On June 4, Los Angeles voters will decide the fate of Los Angeles Unified School District’s Measure EE, a $500 million per year property tax. Measure EE would tax structures on properties annually at a rate of 16 cents a square foot for 12 years on top of the 12 cents currently paid by property owners.
Proponents of this measure claim it will allow the district to reduce class size and support teachers; but it isn’t as simple as whether we support kids, teachers and public education – I think for most of us, the answer is a resounding yes. While the district is weighed down with unfunded pension liabilities and increasing health care costs, we are concerned Measure EE offers insufficient guarantees that the funding sought will actually make it to the classroom.
The Chamber has been a staunch advocate for public education and LAUSD specifically, but Measure EE falls short on delivering what is needed in the way of accountability, transparency and oversight, which is why we oppose this property tax.
While we disagree with specifics of this measure, we are equally concerned with the rushed manner in which Measure EE made it to the ballot. Without the benefit of public input, L.A. voters are now being forced to decide on a poorly crafted ballot measure in a costly special election. Within 48 hours, this measure was hurridly introduced and approved by the LAUSD Board. We must be concerned about public trust and the respect for communities demanding engagement on issues that impact them.
In the last 30 days, the School Board has tried to address these concerns by passing two resolutions – the first to address the Measure’s lack of oversight and the second to address what constitutes a taxable structure (see Howard Bloom’s L.A. Times articles from May 3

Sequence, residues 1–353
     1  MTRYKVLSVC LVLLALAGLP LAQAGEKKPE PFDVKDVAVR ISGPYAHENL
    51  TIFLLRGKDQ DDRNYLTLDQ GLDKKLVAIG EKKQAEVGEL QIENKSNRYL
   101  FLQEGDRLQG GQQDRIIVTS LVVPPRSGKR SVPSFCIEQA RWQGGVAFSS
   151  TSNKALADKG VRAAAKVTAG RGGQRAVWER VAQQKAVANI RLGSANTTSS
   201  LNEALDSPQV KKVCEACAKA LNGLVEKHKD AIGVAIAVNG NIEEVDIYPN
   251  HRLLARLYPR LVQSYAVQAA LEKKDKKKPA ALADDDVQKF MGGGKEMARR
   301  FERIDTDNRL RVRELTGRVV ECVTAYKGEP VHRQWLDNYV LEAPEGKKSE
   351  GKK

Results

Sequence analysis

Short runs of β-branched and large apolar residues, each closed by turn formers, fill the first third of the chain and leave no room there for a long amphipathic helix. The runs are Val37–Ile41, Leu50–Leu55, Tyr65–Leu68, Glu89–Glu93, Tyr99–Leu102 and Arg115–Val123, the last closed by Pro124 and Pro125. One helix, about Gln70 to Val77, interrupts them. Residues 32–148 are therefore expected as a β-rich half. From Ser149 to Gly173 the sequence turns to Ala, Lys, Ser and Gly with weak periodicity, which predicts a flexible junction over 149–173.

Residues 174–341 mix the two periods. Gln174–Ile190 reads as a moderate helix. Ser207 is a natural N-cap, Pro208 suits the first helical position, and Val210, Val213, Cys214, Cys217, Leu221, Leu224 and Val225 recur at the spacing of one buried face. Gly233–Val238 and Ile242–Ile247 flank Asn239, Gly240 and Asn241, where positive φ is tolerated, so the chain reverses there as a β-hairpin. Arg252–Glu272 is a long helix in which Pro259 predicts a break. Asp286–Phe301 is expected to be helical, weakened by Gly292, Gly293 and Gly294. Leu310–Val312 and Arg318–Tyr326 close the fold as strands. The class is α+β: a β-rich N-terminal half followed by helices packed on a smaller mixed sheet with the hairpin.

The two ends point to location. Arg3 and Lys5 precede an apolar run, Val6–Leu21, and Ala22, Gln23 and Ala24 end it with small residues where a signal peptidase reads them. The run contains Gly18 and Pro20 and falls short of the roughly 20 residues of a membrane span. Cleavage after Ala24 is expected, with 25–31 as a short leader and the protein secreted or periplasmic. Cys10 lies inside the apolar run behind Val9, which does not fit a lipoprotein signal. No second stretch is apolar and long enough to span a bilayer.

and May 7
). The later came after LAUSD staff deleted an exemption for commercial and residential parking structures – a material change that came after Board approval and has significant financial implications. Voters must understand these resolutions are non-binding and don’t change the language of the actual Measure, meaning there is significant risk that any school board within the 12-year life of this tax could dilute or ignore these resolutions.
Public education is a top priority for us, and our daily work with LAUSD continues. We do not disagree that something strategic needs to be done to ensure our kids and our public education system succeed. It is imperative the L.A. region commit to providing and funding a quality education for all of our students – education that produces a globally competitive workforce. But, Measure EE is not the answer. We must vote NO.
Our work in supporting public eduction doesn’t stop with this election. We plan to be at the table, regardless of the outcome, with a broad-based coalition, working together with LAUSD to have a dialogue on about how, together, we can ensure that students and teachers in L.A. are supported with an adequately funded public education system.
And that's The Business Perspective.
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